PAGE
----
Bobbi Kristina Update: How Bobby and Family Are Coping with Life Support Decision
UPDATE: Bobbi Kristina Brown has been moved to a new facility. Details here.
Bobby Brown and the Houston family face some tough decisions ahead, as Bobbi Kristina Brown remains in a coma, her condition unchanged.
As a new report from RadarOnline claims that Bobby is "praying that God will make the decision for him," ExtraTV.com has spoken with an expert about how a crisis of this caliber can impact the family.
John Tsilimparis, a licensed marriage and family therapist in Los Angeles who has never treated the Browns or Houstons, explained that making an end-of-life decision for someone can cause a “great sense of fear and a great sense of pressure to make that decision, especially if it is down to one or two people… they will suffer thoughts of uncertainty. There are always the questions, 'What if she wakes up?' or 'What if she gets better?'”
Tsilimparis said “open and honest” communication between family members and empathetic listening are key, and that “nobody should have to make big decisions on their own.”
Situations like this can be extremely stressful, “It's an incredible roller coaster ride… the reason being is that the uncertainty of what is going to happen to the loved one, in this case, Bobbi Kristina, exposes the family to a heightened level of psychological stress. It causes increased stress hormone levels, especially if it is for an extended period of time, and as a result of that, people get exhausted, they get fatigued, they suffer insomnia, digestive problems, feelings of depression and grief. People suffer from post-traumatic stress disorder, PTSD. It is traumatic to see their loved one in such a helpless state.”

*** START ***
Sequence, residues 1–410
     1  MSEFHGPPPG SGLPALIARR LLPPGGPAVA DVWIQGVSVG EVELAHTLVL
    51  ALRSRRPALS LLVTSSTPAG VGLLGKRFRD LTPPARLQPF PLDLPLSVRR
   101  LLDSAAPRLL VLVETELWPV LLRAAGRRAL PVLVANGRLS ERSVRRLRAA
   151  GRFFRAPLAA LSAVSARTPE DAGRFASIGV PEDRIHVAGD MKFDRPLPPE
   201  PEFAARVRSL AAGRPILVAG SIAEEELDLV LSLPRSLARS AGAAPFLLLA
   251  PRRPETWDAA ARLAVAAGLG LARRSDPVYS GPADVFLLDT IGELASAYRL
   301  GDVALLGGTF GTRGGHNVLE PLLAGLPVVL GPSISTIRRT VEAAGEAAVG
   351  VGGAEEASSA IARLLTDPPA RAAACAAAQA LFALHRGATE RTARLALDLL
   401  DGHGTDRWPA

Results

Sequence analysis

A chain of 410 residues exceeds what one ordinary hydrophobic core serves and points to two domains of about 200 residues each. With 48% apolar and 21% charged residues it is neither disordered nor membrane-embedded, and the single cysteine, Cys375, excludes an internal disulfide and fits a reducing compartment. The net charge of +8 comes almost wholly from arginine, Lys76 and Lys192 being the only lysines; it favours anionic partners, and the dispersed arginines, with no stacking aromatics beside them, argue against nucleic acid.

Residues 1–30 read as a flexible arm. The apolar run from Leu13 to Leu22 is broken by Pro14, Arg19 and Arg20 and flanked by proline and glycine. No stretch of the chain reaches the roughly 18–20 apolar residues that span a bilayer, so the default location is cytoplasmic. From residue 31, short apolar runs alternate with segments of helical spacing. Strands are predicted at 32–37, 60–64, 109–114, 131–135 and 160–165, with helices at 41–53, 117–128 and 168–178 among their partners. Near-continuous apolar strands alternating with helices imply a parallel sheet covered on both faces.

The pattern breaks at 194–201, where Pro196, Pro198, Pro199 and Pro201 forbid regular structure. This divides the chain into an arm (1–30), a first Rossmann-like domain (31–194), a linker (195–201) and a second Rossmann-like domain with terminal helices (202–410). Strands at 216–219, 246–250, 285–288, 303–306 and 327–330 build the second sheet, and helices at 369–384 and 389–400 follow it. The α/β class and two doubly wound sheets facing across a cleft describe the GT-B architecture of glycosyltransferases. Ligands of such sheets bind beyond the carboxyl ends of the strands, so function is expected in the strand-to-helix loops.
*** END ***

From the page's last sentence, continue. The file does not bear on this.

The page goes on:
Tsilimparis added, “Guilt is also a very crushing feeling to have during this time. When you see someone you love in a very vulnerable state like that, you tend to think about things that you regret having said to them or not having said to them.”
While it is important for families to band together and try to accept a new normal, they can also try to develop daily tasks to support each other. Tsilimparis says bereavement experts suggest duties like cooking meals for the other family members can add structure and meaning to the daily routine.
For information about John Tsilimparis, a licensed marriage and family therapist, visit his website.